I think the key part is this:

"If this ruling requires the governmental body to release all or part of the requested information, the governmental body is responsible for taking the next step. Based on the statute, the attorney general expects that, upon receiving this ruling, the governmental body will either release the public records promptly pursuant to section 552.221(a) of the Government Code or file a lawsuit challenging this ruling pursuant to section 552.324 of the Government Code."


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3 comments:

Gritsforbreakfast said...

Actually, the part you highlighted is boilerplate. The key part is this:

"Based upon this representation, we conclude release of Exhibit D would interfere with the detection, investigation, or prosecution of crime. See Houston Chronicle Publ 'g Co. v. City of Houston, 531 S.W.2d 177 (Tex. Civ. App.-Houston [14th Dist.] 1975), writ ref'd n.r.e. per curiam, 536 S.W.2d 559 (Tex. 1976) (court delineates law enforcement interests that are present in active cases). Thus, the OAG may withhold the requested information from disclosure based on section 552.1 08(a)(l ). Because section 552.108 is dispositive, we do not address the OAG's other assertions."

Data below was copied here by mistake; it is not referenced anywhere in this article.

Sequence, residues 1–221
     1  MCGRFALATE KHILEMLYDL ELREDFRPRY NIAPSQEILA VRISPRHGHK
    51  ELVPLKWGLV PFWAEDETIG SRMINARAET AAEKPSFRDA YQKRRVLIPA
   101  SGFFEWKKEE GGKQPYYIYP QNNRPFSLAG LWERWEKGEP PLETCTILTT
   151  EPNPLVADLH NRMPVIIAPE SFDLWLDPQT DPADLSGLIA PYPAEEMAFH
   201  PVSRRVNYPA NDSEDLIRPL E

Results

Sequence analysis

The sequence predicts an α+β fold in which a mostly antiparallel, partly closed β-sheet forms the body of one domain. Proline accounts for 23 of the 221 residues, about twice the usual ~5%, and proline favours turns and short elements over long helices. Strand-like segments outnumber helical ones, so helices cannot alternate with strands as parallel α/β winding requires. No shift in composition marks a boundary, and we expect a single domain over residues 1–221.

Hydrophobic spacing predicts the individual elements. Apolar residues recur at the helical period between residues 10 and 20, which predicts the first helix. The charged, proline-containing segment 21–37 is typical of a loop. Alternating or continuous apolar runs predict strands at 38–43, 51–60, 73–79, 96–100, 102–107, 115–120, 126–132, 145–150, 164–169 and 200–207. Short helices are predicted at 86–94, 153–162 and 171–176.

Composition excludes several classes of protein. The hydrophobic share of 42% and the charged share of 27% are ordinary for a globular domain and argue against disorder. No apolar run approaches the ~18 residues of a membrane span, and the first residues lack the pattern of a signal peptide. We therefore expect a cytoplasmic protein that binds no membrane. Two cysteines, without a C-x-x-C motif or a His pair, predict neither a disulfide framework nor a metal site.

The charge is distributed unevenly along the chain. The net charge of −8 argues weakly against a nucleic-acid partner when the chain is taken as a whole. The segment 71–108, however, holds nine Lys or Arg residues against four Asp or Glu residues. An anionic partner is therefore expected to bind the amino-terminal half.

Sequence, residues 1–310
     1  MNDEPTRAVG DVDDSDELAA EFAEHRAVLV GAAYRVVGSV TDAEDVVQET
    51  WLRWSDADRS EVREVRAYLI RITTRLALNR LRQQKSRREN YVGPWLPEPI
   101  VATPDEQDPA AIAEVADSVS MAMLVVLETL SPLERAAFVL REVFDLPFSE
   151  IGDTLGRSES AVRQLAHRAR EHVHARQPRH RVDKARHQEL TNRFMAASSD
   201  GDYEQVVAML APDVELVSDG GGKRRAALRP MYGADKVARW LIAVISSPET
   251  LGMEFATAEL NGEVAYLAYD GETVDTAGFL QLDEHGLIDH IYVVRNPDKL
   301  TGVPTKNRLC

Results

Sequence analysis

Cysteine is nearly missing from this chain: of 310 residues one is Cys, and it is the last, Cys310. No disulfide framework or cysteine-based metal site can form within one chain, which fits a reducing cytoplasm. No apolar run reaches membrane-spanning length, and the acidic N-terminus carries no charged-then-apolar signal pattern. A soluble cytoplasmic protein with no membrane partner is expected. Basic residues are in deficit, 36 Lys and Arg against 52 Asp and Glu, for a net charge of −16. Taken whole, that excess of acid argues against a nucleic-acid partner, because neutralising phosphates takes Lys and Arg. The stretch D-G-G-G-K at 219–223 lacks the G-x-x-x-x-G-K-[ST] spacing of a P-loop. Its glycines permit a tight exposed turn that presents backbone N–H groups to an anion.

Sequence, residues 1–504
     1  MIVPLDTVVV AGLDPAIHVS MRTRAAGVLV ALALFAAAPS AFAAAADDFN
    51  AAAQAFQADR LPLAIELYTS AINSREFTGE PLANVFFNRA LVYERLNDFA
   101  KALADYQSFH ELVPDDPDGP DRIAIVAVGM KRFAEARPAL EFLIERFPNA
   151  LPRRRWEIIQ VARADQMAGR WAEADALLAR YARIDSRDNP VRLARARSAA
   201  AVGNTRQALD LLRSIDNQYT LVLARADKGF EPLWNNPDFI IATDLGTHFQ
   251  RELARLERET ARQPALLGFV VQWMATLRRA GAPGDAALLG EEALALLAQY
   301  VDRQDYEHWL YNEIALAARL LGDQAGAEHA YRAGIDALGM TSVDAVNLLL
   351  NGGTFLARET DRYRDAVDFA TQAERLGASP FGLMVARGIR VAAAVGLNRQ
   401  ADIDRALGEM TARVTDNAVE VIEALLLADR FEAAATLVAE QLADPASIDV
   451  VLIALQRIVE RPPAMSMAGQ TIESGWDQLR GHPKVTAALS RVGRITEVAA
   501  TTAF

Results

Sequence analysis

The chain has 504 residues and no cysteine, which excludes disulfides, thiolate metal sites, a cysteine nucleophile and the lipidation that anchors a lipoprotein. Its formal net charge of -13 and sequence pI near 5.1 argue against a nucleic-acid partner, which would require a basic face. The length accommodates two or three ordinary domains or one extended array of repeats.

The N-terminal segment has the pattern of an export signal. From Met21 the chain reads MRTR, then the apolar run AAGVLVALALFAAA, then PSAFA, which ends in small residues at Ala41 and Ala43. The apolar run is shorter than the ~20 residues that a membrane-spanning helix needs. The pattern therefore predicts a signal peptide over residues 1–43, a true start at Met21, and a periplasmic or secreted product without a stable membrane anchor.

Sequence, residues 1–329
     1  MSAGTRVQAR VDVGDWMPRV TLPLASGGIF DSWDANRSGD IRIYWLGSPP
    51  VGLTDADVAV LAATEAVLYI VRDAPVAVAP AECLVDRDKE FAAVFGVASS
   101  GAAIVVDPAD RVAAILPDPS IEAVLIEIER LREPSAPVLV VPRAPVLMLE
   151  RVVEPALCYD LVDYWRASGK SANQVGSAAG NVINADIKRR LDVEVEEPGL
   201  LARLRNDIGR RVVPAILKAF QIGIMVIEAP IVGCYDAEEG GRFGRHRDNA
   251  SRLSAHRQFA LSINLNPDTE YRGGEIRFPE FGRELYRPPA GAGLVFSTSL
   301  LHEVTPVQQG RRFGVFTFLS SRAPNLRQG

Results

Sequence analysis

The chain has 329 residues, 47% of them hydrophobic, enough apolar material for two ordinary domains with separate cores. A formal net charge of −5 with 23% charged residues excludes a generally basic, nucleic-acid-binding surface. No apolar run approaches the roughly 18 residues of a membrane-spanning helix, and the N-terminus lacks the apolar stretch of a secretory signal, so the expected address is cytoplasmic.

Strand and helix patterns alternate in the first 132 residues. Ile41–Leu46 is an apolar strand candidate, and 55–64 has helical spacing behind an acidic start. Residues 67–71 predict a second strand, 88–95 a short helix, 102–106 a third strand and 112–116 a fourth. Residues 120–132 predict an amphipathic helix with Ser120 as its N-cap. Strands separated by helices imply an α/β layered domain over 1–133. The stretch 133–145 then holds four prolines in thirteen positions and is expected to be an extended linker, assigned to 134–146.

Bottom line: They didn't get the records because, supposedly, their investigation of Rozita is still in progress.

The Pharisee said...

Thanks, wading through that would have taken me several days, and figuring out the correct conclusion would have been dicey for me at best. Do I get an "E" for "effort?"

Is it safe to assume the requestor was the Houston Chronicle or do we know?

Kurt Schulzke said...

I concur with Grits but would add that it's also possible that they are deliberately dragging their feet on the Swinton investigation in order to deny access to information about her case.